TOKYO (AFP) - The market reaction to a deluge of easy money that began flooding Japan last week is "within expectations" the central bank's new chief said on Wednesday.
A relaxed and smiling Haruhiko Kuroda, the architect of a vast easing operation that will double Japan's money supply over the next two years, said the roaring stock market and the plunging yen had been "positive".
But he rebuffed charges that Tokyo was engaging in a race to the bottom and playing beggar-thy-neighbour with its currency, insisting that the global economy stood to gain from a resurgent Japan.
"I think we've seen positive market reaction" to the fresh monetary easing, the Bank of Japan (BoJ) chief told reporters in a group interview.
At his first central bank policy meeting as governor, Mr Kuroda unveiled what has been described as the economic equivalent of "shock and awe" when he set out spending plans that were much more aggressive than pundits had predicted.
The programme includes vast purchases of riskier assets such as exchange-traded funds (ETFs) and real-estate investment trusts, as well as the vacuuming up of the bulk of longer-term government bonds.
The bank also pledged to meet a 2 per cent inflation target within two years, a key aim of a government that is intent on reversing the years of falling prices that have cast a 15-year shadow on Japan's faltering economy.
Almost immediately, the medicine kicked in, with yields on benchmark 10-year government bonds crashing, driving investors into equities on the hunt for a return on their money.
The flood of cash took the legs out from underneath the yen and sent the currency to more-than four-year lows against the dollar, which in turn further fuelled the Nikkei 225, where exporters and financial stocks soared.
The Nikkei finished Wednesday up 0.73 per cent or 95.78 points, at 13,288.13, a closing level not seen since August 2008.
"As the quantitative and qualitative easing this time is greatly different from past policies, the market reaction so far has been within expectations," a beaming Mr Kuroda said.
In late Asian trade on Wednesday, the yen was at 99.38 to the dollar, down from about 92.90 yen before the BoJ meeting last week. It was 130.32 yen to the euro, against 119.50 yen a week ago.
Asked about criticism by industry leaders abroad who have complained that Tokyo is seeking an unfair exporting advantage by driving the currency lower, Mr Kuroda was bullish.
The purpose of the fresh easing "is to achieve the inflation target of 2 per cent as soon as possible. It is not about targeting a specific rate," he said.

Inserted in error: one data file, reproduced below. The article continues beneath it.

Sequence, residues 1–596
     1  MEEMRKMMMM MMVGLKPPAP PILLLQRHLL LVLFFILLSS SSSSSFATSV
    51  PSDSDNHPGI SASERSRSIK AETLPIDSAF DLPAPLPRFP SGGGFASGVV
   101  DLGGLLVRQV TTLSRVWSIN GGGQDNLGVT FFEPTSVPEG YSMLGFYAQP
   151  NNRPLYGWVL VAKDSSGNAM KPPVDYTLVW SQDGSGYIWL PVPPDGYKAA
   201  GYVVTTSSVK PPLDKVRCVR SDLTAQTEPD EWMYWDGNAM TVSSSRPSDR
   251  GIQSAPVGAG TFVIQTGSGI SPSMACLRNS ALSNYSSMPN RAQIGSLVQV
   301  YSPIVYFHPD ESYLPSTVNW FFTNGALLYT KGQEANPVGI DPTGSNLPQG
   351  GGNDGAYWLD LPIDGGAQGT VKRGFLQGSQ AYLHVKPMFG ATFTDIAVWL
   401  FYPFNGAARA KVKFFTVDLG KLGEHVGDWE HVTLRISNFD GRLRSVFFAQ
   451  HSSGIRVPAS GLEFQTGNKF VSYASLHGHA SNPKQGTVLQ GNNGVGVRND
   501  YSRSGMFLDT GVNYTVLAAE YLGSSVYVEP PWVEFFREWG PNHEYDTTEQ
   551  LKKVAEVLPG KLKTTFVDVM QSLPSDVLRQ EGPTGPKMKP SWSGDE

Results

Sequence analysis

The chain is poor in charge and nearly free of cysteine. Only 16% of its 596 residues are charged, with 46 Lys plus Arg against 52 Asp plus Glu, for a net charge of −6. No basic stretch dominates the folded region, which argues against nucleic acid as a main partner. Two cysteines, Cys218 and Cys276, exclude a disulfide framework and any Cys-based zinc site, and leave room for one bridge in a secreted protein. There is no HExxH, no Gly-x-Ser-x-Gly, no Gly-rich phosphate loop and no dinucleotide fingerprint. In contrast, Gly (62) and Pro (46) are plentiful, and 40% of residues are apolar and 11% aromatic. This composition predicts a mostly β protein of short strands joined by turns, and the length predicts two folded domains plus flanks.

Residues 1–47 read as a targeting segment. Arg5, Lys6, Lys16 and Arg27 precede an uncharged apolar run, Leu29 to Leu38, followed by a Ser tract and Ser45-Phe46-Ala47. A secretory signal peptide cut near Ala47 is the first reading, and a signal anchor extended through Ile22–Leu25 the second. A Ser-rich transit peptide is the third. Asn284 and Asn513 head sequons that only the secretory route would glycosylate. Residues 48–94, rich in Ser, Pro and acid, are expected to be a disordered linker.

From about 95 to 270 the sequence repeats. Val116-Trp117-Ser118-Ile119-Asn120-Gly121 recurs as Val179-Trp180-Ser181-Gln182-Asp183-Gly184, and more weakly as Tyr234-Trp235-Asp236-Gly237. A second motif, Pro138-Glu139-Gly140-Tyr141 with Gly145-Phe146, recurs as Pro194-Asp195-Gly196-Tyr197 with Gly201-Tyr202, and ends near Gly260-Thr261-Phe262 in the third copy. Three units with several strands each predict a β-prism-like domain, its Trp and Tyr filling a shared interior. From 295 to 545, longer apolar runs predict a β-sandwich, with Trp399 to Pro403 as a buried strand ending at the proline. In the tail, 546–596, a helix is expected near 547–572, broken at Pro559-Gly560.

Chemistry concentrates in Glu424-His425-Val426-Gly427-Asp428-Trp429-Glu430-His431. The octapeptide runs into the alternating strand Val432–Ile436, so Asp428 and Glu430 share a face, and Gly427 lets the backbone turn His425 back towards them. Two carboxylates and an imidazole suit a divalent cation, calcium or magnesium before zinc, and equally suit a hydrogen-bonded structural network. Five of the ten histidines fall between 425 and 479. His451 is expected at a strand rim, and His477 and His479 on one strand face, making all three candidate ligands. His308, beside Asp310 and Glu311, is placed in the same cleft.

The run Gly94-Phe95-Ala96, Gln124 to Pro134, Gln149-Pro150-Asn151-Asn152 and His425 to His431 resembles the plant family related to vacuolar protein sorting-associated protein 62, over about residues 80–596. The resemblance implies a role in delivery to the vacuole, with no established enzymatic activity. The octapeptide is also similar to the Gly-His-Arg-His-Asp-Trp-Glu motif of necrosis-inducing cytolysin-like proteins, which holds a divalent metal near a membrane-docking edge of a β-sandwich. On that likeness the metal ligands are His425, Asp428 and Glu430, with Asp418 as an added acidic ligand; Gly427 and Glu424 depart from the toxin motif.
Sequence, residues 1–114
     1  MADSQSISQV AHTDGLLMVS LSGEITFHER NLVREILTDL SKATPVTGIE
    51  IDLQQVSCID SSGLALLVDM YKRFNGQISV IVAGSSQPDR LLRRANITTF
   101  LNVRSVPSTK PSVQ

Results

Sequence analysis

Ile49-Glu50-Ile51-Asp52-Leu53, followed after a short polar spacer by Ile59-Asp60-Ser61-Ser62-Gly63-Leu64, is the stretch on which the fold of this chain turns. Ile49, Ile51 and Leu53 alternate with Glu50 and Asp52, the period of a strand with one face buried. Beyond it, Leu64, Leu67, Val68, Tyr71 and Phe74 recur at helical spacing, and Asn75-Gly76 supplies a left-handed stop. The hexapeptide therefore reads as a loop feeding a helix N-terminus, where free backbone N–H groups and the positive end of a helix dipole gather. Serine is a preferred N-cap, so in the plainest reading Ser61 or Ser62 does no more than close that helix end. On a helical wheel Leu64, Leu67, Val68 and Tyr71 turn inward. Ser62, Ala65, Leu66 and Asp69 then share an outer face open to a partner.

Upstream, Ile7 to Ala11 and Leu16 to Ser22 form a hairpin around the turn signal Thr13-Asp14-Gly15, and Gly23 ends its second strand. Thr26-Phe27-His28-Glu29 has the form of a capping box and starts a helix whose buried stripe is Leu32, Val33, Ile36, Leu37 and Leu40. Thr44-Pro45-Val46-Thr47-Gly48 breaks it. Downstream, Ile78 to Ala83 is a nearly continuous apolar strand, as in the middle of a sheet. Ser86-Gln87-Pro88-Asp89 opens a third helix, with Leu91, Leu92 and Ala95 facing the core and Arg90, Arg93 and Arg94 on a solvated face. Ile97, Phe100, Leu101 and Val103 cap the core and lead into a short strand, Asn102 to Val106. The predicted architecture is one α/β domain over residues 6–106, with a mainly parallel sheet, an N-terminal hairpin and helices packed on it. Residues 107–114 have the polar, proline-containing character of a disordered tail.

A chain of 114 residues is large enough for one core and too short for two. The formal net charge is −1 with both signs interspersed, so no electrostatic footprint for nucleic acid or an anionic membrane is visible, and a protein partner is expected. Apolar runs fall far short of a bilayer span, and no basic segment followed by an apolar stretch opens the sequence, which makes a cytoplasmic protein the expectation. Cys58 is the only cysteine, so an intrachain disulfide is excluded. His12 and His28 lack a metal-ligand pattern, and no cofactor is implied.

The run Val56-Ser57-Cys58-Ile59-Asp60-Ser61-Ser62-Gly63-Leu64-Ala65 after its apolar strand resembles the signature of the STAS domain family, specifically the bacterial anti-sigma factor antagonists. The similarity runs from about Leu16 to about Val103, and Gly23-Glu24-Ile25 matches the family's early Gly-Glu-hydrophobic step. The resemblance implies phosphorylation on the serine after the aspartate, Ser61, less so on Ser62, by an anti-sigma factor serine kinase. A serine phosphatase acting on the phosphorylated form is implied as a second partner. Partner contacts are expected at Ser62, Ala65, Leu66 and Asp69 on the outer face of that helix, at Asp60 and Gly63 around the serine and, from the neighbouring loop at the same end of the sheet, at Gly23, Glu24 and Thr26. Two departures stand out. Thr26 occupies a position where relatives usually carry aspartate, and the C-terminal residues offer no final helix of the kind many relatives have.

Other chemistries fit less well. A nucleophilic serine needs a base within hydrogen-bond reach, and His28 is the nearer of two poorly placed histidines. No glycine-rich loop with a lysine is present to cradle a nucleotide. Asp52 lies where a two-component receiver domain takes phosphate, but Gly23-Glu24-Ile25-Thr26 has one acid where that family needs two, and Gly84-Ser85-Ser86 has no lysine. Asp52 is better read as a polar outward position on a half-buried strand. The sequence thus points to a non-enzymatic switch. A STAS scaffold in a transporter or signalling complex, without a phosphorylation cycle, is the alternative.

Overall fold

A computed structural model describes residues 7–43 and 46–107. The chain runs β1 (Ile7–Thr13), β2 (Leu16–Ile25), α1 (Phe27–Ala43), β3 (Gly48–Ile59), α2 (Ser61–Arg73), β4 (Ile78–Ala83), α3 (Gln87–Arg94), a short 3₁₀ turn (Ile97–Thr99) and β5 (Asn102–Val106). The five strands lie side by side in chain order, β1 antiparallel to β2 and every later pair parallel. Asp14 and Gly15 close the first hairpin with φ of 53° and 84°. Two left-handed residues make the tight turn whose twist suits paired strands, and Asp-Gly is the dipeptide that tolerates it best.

"As a result of domestic monetary policy aimed at price stability, if the Japanese economy takes a steady path to recovery... that would benefit not only Japan but the whole world economy," he said.
The former Asian Development Bank chief, a fluent English speaker, said he would be explaining his position to his opposite numbers in the G20 when they meet in Washington later this week on the sidelines of twice-yearly IMF and World Bank meetings.
Observers hailed the BoJ's easing as a "gigantic step" and a "brave new world" with moves that surprised markets used to less aggressive action from Japan's often timid central bank.
However, even those who lauded the bank's efforts concede it was a step into uncharted territory, a plan that could backfire and leave Japan saddled with debt and little else.
But Mr Kuroda said on Wednesday he was confident the measures would do only what they are supposed to, and would not result in stock or asset bubbles like those that marked the late 1980s in Japan.
"We don't think the latest measures will trigger serious side-effects that prevent us from achieving the 2 per cent inflation target.
"The BoJ's policy in the past was incremental easing, which proved itself ineffective," he said, adding the latest measure was a break from convention.
Mr Kuroda said mistakes by some of his predecessors had exacerbated the deflation that has hobbled Japan.
"As to the problem of the Bank of Japan, too-hasty exits from monetary easing in 2000 and in 2006 had some influence" on prices, he said.
"Although there are various reasons behind deflation, bucking the trend - either it's a downward trend or an upward trend toward inflation - is a central bank's duty.
"The responsibility to get the economy out of deflation rests with the central bank."